Firstly I’d like to acknowledge the traditional owners of this land, the Ute peoples. And pay my respects to elders past and present and also acknowledge other First Nations peoples in the room today.
Being here with you all, the other indigenous fellows, is an absolute honor and a privilege. I am truly grateful for this life changing opportunity.
Thank you to the supporters of the Merata Merita Fellowship: the embassy of Australia, Indigenous Media Initiatives, Taika Waititi, White Feather Foundation, Fenton Bailey and Billy Luther, and Pacific Islanders in Communications.
Thank you to the Sundance Institute and the Native American and Indigenous Program- Bird Runningwater, Adam Piron, Maya Solis, Shaandiin Tome and team.
I didn’t get to meet Merata Mita but I have certainly felt the affects of her legacy. I know that she was the first indigenous woman to make a feature film in Aotearoa, New Zealand – THAT enables me. I know that she was an educator, a mentor, and shared her passion for filmmaking and storytelling- THAT gives me hope. She was an indigenous woman breaking glass ceilings in the industry- THAT empowers me.
Because you see, my island home, the Solomon Islands, doesn’t really have a film industry to speak of. And because living in Australia, indigenous women, women of colour, culturally diverse female directors are severely underrepresented and undervalued in the industry.
Merata Mita and this fellowship lifts up my voice as a filmmaker, as a storyteller and as an indigenous woman.
Feralimae is the name of my tribe on my grandfather’s side. We are saltwater people. In the past we were warriors.
Our tribal name translates to: well, quite frankly – House of Death. What can I say, you don’t wanna get on the wrong side of me. Just kidding.
But what I take from my Solomon Islander ancestors is strength and resilience. I’m definitely a fighter. And I have to be, especially in these times.
I’m currently writing Blackbird, my first feature film – an adaptation of my recent short also called Blackbird. It’s based on a little known part of Australian history. When other parts of the world were abolishing slavery, from 1863-1904, about 60 000 Pacific Islanders were taken or Blackbirded – often by coercion and kidnaping, then transported to Australia to work on sugar and cotton farms often under slave-like conditions.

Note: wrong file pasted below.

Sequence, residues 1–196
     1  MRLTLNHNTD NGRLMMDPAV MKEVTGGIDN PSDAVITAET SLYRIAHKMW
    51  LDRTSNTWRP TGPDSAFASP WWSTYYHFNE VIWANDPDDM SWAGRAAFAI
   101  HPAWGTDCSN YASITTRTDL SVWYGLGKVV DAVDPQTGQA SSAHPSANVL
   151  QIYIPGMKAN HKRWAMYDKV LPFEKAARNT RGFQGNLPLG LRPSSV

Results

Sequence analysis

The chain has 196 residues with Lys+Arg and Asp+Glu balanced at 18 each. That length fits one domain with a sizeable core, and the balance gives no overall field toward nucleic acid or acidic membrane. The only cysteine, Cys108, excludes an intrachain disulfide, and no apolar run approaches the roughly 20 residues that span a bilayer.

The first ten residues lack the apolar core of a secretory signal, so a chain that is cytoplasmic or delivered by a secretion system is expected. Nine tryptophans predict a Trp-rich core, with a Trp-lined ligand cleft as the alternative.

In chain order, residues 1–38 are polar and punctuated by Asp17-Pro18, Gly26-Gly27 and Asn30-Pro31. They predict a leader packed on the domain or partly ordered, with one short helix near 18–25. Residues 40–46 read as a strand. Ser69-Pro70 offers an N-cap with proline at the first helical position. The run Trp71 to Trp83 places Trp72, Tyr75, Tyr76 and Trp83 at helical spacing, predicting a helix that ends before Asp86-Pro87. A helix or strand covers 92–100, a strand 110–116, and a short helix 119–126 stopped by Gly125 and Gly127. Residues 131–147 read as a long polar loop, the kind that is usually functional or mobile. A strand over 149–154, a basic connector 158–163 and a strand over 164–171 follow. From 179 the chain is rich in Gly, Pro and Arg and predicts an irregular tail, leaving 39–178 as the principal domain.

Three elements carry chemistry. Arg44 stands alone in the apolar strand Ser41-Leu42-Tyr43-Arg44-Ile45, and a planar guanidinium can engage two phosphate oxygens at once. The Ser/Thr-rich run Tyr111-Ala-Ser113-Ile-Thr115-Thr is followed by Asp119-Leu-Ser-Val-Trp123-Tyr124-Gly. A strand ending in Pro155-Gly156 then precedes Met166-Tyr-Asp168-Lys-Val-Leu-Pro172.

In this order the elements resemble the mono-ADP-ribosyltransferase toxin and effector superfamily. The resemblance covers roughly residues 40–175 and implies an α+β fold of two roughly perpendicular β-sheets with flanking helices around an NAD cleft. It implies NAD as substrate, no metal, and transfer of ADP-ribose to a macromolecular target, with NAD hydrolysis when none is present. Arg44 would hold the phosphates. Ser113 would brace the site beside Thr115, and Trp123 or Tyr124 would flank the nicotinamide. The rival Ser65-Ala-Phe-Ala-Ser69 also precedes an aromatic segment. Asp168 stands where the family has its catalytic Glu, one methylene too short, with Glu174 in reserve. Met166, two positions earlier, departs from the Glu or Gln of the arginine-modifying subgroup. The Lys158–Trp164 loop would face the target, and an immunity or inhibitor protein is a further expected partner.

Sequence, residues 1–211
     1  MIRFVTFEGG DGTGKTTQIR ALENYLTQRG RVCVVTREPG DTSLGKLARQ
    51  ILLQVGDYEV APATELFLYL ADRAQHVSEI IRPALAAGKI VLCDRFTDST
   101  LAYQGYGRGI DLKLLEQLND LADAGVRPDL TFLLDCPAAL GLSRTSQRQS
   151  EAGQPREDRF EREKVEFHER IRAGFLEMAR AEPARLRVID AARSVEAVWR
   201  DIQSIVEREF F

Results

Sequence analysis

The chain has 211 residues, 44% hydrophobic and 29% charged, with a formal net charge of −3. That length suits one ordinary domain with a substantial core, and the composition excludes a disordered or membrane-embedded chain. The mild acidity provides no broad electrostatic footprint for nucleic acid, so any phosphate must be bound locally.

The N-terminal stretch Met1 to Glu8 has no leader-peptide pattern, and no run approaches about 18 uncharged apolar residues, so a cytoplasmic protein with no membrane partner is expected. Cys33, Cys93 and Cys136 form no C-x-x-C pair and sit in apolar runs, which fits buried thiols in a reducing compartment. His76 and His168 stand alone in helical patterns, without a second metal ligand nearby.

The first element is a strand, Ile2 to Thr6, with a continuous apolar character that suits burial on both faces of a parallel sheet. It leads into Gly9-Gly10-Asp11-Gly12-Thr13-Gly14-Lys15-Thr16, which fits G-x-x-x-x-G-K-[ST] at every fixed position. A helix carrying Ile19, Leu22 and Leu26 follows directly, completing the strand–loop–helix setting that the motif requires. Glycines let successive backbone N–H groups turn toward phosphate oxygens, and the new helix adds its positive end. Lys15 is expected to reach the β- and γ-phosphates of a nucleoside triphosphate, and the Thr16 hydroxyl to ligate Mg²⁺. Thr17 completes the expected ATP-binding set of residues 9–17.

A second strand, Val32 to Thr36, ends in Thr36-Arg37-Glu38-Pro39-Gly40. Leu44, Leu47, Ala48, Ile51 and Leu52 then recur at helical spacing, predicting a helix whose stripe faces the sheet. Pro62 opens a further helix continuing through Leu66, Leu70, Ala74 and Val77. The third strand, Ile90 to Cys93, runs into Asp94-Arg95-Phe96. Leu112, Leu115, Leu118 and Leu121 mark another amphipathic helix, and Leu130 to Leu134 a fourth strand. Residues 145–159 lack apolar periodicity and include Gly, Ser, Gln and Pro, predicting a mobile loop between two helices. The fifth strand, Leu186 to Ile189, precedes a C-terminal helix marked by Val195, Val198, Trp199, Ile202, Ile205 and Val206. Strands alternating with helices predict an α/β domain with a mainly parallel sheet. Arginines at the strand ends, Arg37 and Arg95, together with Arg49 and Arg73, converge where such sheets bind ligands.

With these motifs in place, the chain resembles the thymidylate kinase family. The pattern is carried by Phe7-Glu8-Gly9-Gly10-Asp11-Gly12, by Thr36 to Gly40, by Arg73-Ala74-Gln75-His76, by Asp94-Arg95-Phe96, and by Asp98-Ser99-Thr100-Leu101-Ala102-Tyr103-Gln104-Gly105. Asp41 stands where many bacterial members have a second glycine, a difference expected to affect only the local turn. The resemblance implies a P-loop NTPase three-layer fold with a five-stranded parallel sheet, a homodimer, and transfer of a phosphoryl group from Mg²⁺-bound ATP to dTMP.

What ensued was the death of 1000s due to illness, others left at home died of heartbreak. Our people suffered under an oppressive and racist system. Generations of islanders were stripped of their family, language, culture and identity in the time leading up to the White Australia Policy.
The Blackbird feature is not a documentary but an historical drama film that follows the story of one young spirited man, his brutal kidnapping from his village, his struggles cutting sugar cane and finally his hanging at a Queensland prison.
This film is personal to me because over 100 years ago, three of my own ancestors were blackbirded and never seen or heard from again. Danitofea, Suana, Bilosi. But also this history is a shared history. The tragedy and heartbreak of it has had a ripple effect all throughout the Pacific yet it’s a history the remains largely unknown, under acknowledged and unheard.
When I was researching and writing the first draft of the feature, there were moments when I had to stop writing to literally throw my clenched fists down in anger, and moments where the words in front of me became blurry because tears obstructed my sight. I had to shut my eyes and just write.
I come from a long line of storytellers and a tradition of oral history. I believe that storytelling through film has the power to affect change. And so, I will tell this story. Because I must.
Because Merata Mita did and because so many others will. This fellowship means that I get the chance to take the first steps to develop Blackbird, in what I know will be a long journey. But I’m ready.
Just to simply be here in the coldest place a Pacific Islander could think of, is an absolute dream for me. This recognition and support means everything to me, my family, and my community. Because it means we can keep our stories, our indigenous stories, alive. We can own the telling of these stories, and we can share our stories through our own distinct indigenous lens.
Tagio baela. Lau babalafe rasua.